What to Expect From Android
A lot of the hype around Android comes from developers and their geeky community. The main reason for this is because they “get it”. They understand just how groundbreaking an open-source operating system is, especially for mobile devices. But what about the average guy with no idea what Android is or how it could benefit them? That’s where I come in. I’m here to help you, the typical AndroidGuys visitor, gain an understanding as to what Android truly is and how it will change your life.
Forecasting the Future Using History
The easiest way for me to illustrate my points is by comparing how Firefox changed your internet experience with how Android will change your mobile experience.
Remember a few years ago when Mozilla was a relatively unknown, untested company who dropped an alternative web browser on us? Do you recall how at the time, pretty much everyone using the internet was using Microsoft’s Internet Explorer? We had been told time and again that it was the best experience we could get from a browser. But was it? We soon found out that not only was Firefox capable of a better experience, but it was also more secure, lighter, and more scalable. The long and short of it was this: It took less to run and held more promise for updates and implementing features. This is the exact situation Android is in right now. The requirements needed to handle Android are minimal by today’s device standards, but the long-term capability is considerably more far-reaching.
Think about all of the add-ons available for you today. With over 2,000 to choose from, you could download and install features to enhance rss feeds, weather, chat, tracking stocks, sports, etc. Need something to organize your bookmarks more efficiently? You got it. How about a better way to manage your downloads and/or uploads? Go get it. For free.
So Tell Me What it Does Already!
The same thing will apply for Android. Even if you solely base Android around GPS and mapping capabilities, you’re in for some real treats. Wonder what restaurants nearby serve sushi? Pull out your phone and look! Not only will you find the restaurants along with their address and phone number, but you’ll also be able to see who is actually open and who is closed. Using the map, you can get turn by turn directions.
Why not install a utility to locate all of the Fifth Third banks around the world so you’ll always know where the nearest ATM is? If you have a fantasy baseball team, plug your players into the tracking program so you can see how well they are performing. We’re talking about real time stats pushed to your device, not pulled. Forget logging on to see how LeBron and the Cavs are doing. Just watch the scrolling ESPN ticker you installed at the bottom of your phone.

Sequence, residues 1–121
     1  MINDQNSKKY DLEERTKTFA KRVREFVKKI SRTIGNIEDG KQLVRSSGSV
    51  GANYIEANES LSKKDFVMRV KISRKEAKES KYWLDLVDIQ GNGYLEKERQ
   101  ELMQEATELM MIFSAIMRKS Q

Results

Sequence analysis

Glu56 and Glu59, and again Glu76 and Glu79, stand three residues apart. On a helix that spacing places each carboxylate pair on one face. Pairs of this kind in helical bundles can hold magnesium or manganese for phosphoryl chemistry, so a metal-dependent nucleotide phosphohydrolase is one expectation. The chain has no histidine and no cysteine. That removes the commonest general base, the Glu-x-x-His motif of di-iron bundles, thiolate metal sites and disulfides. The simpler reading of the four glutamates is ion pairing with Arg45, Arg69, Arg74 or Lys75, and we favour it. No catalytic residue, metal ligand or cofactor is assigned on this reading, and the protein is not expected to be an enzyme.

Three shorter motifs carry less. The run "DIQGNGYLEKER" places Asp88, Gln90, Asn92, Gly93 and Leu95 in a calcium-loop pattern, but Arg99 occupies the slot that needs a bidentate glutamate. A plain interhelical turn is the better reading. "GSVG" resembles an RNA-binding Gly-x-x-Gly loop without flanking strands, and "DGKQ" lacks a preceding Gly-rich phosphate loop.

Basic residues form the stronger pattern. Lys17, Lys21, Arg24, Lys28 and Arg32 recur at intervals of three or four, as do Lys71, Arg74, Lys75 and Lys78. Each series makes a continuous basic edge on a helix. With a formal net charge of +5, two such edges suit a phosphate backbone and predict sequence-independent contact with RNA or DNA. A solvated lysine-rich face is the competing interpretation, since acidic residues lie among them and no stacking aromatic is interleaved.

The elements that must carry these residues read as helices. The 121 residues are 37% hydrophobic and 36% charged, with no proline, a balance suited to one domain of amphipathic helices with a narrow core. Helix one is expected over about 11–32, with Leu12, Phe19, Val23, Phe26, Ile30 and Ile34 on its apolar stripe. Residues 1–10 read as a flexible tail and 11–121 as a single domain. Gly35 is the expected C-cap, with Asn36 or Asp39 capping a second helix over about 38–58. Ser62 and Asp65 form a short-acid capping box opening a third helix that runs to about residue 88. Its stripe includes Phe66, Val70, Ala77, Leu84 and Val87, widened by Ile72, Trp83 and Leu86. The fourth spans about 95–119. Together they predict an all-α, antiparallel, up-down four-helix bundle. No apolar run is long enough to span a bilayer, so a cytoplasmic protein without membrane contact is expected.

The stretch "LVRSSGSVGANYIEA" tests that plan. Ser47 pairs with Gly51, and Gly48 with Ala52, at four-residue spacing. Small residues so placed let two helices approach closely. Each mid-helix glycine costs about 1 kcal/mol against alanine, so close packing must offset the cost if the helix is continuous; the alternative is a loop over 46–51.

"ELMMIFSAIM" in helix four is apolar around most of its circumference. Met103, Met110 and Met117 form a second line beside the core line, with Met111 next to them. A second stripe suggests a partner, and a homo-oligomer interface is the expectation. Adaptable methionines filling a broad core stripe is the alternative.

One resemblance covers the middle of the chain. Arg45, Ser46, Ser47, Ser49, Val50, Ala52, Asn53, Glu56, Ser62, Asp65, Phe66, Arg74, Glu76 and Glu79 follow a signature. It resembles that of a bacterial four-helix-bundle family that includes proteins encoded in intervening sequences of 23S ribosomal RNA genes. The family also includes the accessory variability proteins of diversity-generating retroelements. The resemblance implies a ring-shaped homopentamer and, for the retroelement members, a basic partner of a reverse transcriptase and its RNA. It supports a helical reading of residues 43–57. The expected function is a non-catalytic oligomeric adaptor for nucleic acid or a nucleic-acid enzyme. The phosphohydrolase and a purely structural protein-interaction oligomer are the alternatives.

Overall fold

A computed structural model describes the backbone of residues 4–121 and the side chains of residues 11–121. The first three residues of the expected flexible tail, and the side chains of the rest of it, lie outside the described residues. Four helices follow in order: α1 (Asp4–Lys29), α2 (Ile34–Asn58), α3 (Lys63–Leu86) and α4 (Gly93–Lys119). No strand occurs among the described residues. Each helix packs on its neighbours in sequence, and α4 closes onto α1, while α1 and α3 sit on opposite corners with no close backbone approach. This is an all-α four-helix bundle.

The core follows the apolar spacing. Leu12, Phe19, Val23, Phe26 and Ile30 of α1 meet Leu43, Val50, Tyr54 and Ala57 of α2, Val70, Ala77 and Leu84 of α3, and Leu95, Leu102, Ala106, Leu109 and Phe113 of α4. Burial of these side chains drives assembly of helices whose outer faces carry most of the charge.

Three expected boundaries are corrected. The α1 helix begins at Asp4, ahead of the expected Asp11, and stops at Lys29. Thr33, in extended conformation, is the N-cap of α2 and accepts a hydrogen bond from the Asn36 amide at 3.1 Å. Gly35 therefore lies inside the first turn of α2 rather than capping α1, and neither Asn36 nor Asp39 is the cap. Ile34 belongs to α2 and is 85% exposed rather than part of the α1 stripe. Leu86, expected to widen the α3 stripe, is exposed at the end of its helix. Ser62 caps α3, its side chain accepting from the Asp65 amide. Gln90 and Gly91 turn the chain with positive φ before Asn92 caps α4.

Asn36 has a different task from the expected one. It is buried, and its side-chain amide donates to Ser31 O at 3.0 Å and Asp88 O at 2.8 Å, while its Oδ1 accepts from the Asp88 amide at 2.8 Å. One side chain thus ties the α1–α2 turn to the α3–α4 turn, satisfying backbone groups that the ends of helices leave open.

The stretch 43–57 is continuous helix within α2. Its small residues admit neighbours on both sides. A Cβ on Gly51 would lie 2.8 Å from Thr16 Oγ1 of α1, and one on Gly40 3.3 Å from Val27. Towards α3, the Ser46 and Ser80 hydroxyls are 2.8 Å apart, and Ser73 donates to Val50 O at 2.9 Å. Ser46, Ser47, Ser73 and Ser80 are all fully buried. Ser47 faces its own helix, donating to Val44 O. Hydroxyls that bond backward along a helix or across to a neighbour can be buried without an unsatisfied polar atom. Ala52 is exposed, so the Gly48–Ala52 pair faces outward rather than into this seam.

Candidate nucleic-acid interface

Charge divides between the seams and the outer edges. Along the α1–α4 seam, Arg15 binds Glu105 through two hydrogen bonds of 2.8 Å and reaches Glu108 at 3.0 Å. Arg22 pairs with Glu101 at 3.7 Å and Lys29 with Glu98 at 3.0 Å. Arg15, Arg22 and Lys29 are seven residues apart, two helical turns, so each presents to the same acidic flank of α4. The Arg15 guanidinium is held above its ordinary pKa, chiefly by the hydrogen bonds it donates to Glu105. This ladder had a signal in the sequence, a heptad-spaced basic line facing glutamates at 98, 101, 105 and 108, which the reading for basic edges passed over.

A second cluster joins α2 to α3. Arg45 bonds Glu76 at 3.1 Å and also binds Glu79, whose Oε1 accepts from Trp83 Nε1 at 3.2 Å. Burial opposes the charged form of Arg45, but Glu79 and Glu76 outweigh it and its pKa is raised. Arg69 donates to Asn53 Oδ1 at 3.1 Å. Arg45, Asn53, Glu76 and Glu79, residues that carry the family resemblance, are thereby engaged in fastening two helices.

Like Firefox, you’ll also be able to dress your phone up in any way you want. Instead of looking at the address book that comes with it, perhaps you want to use the most recent pictures from your MySpace friends. How about a nice weather program or traffic utility that gives you an idea as to how early to leave for work today? You can bet that someone out there is already working on this.
It Will Take Time
Now, it may take a few years before the true Android experience hits its stride. Firefox did not turn into the preferred browser overnight. And even though Mozilla’s program doesn’t have the same market share as the blue ‘e’ next door, everyone knows it’s a better interface. Why is it? because it’s open-source, that’s why. I’ve always been of the opinion that the hive mind is the way to go when working on projects. It’s what drives the web 2.0 phenomenon we’re in the midst of. Run through some of the most popular web sites today and you’ll see the impact. Digg, Wikipedia, Flickr, etc. These are programs and utilities that work best when you have as many hands in the pot as you can.
Who has their hands in the Android pot? On the hardware side, you have names like Intel, Texas Instruments, and nVidia. These guys are helping shape the cutting edge phones due out from HTC, LG and Samsung. And who is going to provide access to these devices? Why, T-Mobile, Sprint Nextel, China Mobile, and NTT DoCoMo of course! What, you haven’t heard of the Open Handset Alliance?